Interview With Janna Levin

Hello Janna. Thank you taking the time to answer some questions for NCJI.

Q: Janna, you started judo later in your life, but have earned great success at local tournaments.  What attracted you to judo?

When I first started, I was interested in judo purely for self defense purposes. I wanted to learn to take an attacker down and defend myself on the ground if necessary. My interests in judo

have changed since I started and I am no longer interested in judo primarily as a means of self defense, but self defense was my main motive when I began.

Judo also is really beautiful to watch when it is done well. I recall watching people in randori on the first day I came to class and thinking how amazing it was that people could lift one another and make it look so graceful.  My love of judo has only increased with my understanding and appreciation of the strength, coordination, timing, and effort that it takes to perform techniques properly.               

Q: Judo, like many other sports is male dominated.  However, unlike other sports judo practices integrate males and females.  It is not uncommon for men and women to randori one another in practice. Do you think this beneficial?  Why or why not? 

I do think it is beneficial for men and women to randori one another in practice.  Practicing judo helps you understand how different people respond to your movements. Being able to predict how your partner will respond to your movements makes you a better player. This understanding can be gained whether you are working with a male or a female partner.

Q: Do you think that judo could benefit by restructuring to be more female friendly?  An example may be to redesign the gi or change rules.

I enjoy judo for what it is and I don’t think the rules should change. That being said, I would like to see more women in the sport. Perhaps this could be accomplished by media attention and public recognition of the sport and its accomplished female athletes. If young women see the sport more frequently and see that there are female role models in the sport, they might be more likely to participate.

Q: As a coach I notice that females are ignored in practices by their male counterparts.  For example, when I tell students to switch partners the males try to ignore the females. As a female judoka, do you feel that you have been overlooked because of your gender?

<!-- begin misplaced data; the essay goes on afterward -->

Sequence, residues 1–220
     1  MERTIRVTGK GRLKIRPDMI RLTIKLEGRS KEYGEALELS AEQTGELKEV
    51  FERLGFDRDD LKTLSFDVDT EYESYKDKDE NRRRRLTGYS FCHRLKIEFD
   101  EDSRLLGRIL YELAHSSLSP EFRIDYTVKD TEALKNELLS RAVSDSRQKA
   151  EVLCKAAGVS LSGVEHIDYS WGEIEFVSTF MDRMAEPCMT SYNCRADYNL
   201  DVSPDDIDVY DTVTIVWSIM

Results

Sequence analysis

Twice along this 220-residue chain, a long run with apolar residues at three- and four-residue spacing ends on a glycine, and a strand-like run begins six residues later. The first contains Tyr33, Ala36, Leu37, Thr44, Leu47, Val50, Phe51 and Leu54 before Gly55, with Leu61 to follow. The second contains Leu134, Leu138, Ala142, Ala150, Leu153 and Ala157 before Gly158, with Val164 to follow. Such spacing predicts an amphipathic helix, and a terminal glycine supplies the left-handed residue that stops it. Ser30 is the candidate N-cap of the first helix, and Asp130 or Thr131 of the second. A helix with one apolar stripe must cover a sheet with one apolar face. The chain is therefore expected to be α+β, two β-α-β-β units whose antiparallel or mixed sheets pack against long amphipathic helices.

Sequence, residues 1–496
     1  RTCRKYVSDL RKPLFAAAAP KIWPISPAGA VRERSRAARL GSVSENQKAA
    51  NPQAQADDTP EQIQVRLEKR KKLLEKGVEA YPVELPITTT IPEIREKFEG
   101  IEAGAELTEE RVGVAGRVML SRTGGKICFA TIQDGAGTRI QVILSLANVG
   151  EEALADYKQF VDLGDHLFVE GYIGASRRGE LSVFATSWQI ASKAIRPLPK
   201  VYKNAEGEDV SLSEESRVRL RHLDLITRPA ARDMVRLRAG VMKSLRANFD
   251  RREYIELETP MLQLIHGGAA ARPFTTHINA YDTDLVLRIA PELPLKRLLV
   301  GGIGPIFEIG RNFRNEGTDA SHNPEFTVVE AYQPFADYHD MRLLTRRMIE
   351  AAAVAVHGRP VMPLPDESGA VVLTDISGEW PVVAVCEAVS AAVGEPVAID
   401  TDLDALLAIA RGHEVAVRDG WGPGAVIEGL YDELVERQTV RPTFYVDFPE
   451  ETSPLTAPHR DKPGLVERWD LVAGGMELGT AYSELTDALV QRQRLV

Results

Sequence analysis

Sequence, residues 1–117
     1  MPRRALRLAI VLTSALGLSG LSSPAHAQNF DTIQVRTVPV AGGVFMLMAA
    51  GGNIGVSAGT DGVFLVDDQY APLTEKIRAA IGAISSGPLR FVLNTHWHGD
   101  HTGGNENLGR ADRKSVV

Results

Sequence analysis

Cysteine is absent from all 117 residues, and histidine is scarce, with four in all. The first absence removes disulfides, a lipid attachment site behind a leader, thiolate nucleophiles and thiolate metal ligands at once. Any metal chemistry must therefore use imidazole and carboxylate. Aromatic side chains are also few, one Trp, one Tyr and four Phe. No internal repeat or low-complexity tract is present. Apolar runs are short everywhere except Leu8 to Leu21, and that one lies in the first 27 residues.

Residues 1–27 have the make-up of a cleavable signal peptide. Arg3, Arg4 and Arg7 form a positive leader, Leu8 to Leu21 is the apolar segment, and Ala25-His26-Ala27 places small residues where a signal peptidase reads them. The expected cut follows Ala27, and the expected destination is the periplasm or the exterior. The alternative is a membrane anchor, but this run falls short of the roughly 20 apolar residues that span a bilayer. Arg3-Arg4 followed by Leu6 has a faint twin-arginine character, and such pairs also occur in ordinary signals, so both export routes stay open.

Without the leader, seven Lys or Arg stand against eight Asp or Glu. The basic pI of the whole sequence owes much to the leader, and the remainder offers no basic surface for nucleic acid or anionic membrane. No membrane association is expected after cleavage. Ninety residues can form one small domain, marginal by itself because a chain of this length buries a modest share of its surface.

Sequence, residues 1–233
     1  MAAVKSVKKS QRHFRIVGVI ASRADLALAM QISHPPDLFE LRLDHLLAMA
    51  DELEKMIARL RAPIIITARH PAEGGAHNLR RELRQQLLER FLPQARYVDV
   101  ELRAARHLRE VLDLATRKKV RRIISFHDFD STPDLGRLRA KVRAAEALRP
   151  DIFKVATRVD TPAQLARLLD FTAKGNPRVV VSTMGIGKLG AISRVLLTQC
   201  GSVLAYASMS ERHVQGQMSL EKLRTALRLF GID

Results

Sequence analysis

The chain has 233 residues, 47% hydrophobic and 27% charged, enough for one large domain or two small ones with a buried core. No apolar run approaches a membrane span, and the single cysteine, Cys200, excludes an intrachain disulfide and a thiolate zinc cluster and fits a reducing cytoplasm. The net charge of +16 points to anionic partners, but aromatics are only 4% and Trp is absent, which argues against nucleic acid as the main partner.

I am fortunate to have an instructor who values me as much as he values my male counterparts and to practice with men who are caring and inclusive of me in the dojo. I also make an effort to involve myself in class. When asked to switch partners, I try to choose a partner for myself rather than wait to be chosen.  If you want to be involved, you need to take responsibility for involving yourself regardless of whether you are male or female.

Q:  Do you use judo or its philosophies in everyday life?

Judo has made me a more patient person. I tend to be a perfectionist and judo has taught me that perfection is something to work towards, not something with which we are born. 

I also use examples from judo directly in my teaching of undergraduate science courses. In my physics courses, I often illustrate physical concepts related to leverage, gravity, force, torque, Newton’s Laws, and rotational motion using examples from judo. Most students have never seen examples like this before and, because these examples are so unusual, it often helps students learn and remember these concepts. 


I teach undergraduate science courses at the University of North Carolina School of the Arts. I have practiced judo for six and a half years at the Nito Judo Club with Sensei Woody Bostic and have been promoted to the rank of sankyu during that time. My accomplishments include a gold medal at the 2007 US Open in the -63kg masters division and a gold medal at the 2009 Senior National Championships in the -63kg masters division. In 2011, I’ve earned four gold medals, three silver medals, and a bronze medal in local competitions.